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We have applied for further funding in order to undertake small-scale trial excavations on the two most promising sites next summer (2017). Watch this space for further information as more is revealed about these new, exciting discoveries.

 

If you’d like to find out more about our 2016 survey, it is due to feature on the BBC4 programme ‘Digging for Britain’ to be shown some time this winter (possibly early December last time we were told…).

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Fortune favours the bold

As a research and fieldwork active archaeology department, we are extremely fortunate to have one of Britain’s best preserved Roman and Iron Age towns on our doorstep – Silchester, or Calleva of the Atrebates, is less than 10 miles from the Department of Archaeology’s door. The department has been carrying out fieldwork at Silchester, led by Professor Michael Fulford, for nearly 40 years – and this largely undisturbed greenfield site provides many opportunities to pose new research questions, and then to answer them through cutting edge fieldwork.

Excavation planning: Step 1 – bring in the machine!

Excavation planning: Step 1 – bring in the machine!

Posing palace questions

For the last 4 summer seasons we have been searching for structural evidence that the Roman Emperor Nero (Emperor from 54 to 68AD) commissioned a palatial residence in the provincial capital of Calleva Atrebatum. Our excavations in Insula IX between 1997 and 2014 had thrown up tantalising evidence for this in the form of high quality building stone incorporated into the foundations of later Roman buildings, as well as pottery tiles stamped with Nero’s name. These tiles are found nowhere else in Britain, and their discovery hints at a high level of imperial involvement – and even investment – into the town. But where exactly was Nero’s palace?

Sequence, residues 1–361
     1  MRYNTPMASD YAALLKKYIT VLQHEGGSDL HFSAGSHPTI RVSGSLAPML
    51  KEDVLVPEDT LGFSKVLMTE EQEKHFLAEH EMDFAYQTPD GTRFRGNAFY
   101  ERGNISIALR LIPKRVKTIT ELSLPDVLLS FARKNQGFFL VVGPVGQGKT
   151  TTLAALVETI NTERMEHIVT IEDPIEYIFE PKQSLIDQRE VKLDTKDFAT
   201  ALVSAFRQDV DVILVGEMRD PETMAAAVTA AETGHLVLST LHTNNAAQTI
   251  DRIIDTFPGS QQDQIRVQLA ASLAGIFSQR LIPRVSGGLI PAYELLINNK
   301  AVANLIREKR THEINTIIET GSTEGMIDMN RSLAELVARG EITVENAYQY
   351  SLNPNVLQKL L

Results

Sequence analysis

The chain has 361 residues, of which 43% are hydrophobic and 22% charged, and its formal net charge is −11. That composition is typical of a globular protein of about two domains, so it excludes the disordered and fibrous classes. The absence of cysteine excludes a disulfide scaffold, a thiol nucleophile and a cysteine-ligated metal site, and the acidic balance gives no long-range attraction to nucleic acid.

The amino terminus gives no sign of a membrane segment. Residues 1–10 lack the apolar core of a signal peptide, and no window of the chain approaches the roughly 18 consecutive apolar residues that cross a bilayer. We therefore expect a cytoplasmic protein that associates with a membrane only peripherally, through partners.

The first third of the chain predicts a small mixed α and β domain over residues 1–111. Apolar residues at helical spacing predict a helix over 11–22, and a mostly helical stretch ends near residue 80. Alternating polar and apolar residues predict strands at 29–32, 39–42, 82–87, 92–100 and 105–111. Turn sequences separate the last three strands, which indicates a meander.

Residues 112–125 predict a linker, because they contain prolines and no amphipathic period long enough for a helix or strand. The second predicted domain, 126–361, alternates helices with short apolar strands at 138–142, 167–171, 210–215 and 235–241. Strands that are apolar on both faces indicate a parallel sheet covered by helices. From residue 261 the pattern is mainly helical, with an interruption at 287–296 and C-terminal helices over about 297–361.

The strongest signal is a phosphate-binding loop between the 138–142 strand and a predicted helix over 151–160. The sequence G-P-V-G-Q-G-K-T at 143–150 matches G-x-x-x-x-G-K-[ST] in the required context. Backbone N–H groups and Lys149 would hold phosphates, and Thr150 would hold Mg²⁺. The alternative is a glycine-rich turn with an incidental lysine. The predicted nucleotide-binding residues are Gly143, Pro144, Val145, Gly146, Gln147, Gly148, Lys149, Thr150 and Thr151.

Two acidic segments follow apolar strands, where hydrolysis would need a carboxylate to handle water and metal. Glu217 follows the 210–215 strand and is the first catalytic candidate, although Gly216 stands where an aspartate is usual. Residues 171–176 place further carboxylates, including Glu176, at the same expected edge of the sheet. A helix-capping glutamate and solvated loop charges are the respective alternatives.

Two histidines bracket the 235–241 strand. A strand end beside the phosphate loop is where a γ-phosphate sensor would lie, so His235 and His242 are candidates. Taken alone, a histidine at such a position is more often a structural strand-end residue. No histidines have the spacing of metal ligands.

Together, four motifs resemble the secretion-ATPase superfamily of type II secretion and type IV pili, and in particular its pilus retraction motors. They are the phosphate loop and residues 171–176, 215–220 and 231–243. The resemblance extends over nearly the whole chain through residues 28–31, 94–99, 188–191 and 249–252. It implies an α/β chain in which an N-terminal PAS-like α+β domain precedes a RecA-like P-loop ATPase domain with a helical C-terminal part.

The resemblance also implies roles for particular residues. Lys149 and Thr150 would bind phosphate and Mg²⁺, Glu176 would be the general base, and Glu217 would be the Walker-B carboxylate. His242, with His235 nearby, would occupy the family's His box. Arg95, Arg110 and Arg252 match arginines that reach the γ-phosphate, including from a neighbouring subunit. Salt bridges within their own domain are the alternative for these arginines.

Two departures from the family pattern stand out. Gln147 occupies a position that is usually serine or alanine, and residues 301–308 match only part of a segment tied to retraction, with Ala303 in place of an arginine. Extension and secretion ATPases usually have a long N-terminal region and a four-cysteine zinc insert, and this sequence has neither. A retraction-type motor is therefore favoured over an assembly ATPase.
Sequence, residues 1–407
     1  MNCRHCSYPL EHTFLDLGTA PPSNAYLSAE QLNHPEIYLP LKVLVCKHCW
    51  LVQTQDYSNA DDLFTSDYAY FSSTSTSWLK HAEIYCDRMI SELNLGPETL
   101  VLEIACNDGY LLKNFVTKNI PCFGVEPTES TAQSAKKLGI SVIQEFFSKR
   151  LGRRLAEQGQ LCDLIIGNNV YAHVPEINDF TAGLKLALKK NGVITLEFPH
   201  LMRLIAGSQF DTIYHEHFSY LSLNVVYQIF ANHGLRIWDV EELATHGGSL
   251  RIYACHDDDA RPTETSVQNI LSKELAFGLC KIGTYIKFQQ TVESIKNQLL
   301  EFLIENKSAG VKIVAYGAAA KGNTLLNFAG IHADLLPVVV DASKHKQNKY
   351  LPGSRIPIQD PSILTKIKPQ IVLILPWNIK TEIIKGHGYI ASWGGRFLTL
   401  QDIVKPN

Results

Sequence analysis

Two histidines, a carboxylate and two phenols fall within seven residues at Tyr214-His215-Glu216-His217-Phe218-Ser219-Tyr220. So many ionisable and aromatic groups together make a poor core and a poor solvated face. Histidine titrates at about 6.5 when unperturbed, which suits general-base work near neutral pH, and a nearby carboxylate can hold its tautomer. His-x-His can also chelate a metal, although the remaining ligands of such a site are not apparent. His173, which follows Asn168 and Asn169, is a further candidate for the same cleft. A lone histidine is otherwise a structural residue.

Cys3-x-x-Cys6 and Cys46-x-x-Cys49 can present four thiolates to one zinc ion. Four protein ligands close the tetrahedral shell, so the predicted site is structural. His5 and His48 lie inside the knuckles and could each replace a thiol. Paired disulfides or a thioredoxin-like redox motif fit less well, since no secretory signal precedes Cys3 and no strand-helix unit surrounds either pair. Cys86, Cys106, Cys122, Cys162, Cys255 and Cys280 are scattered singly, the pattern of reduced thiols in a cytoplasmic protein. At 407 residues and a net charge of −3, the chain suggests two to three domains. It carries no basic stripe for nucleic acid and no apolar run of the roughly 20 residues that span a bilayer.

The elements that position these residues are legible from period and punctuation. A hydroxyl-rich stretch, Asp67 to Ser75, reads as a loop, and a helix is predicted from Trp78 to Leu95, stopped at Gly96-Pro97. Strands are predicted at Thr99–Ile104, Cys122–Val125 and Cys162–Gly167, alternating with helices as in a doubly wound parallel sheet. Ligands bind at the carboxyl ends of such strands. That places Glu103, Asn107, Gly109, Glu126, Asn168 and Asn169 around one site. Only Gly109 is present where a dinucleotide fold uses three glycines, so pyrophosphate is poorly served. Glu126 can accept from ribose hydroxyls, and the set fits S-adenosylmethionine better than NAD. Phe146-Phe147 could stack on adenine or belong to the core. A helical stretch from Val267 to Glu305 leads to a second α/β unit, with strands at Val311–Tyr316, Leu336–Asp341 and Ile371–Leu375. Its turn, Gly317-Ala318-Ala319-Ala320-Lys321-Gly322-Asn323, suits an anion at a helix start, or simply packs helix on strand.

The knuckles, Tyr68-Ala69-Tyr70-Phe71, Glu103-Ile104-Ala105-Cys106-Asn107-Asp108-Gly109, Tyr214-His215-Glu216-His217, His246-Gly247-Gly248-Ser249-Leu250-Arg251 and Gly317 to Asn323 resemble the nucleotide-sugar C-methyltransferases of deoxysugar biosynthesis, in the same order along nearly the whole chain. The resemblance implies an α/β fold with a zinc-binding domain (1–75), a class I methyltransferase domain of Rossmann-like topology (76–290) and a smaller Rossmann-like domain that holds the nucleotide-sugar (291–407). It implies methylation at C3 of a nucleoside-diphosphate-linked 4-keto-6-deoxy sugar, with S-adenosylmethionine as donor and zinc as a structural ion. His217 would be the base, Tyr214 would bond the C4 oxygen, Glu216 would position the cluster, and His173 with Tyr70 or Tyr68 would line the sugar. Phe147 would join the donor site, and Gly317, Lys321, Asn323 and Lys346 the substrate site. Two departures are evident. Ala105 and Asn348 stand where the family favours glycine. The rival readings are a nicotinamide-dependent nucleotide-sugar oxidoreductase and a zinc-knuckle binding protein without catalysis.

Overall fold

Testing hypotheses

Archaeologists test hypotheses – and ours was that Insula III, centrally located within the town, held the secret – and possibly also the Nero commissioned palace. The Victorians had excavated here in the late 19th and early 20th centuries, and their resultant town plan suggested the presence of a stone founded building of good size. And indeed we thought we might have found it when, in 2013, we began digging in the south-east corner of Insula III and uncovered the colonnaded remains of a mid-1st century AD building, which, at first trowel, looked substantial and significant.

Location, location, location

However 4 seasons of work later, we can unequivocally state that Insula III did not contain a luxurious home to rival those of Rome, and built for a supportive British ruler or noble with Nero’s patronage. Instead we found an unfinished and fairly flimsy structure, built over layers of clay and gravel dumped to offset the soft and slumping fills of the underlying Iron Age pits and wells. It must have been a bitter blow for the builders of Nero’s time to realise that prime building land in the centre of the Roman town, next to the forum, was unsuitable for solid masonry structures. Instead we surmise that the area lay largely unused until the late Roman period when the desire for prime real estate overrode the restrictions of the earlier centuries and allowed the construction of gravel founded timber buildings, jostling for space in this most desirable of town locations.

New knowledge

Archaeology is a voyage of discovery and even if we don’t find what we hoped or expected, there is always a net gain in knowledge. This summer was our last chance to find Nero, and through the use of our – by now – tried and tested methodology of investigating the archaeology of Insula III by simply re-excavating the trenches dug by our antiquarian forbears and using the emptied trenches as ‘key-holes’ into the undisturbed layers, we uncovered a new and detailed sequence from the natural geology through to late or post Roman occupation, followed by 2 phases of Victorian excavation.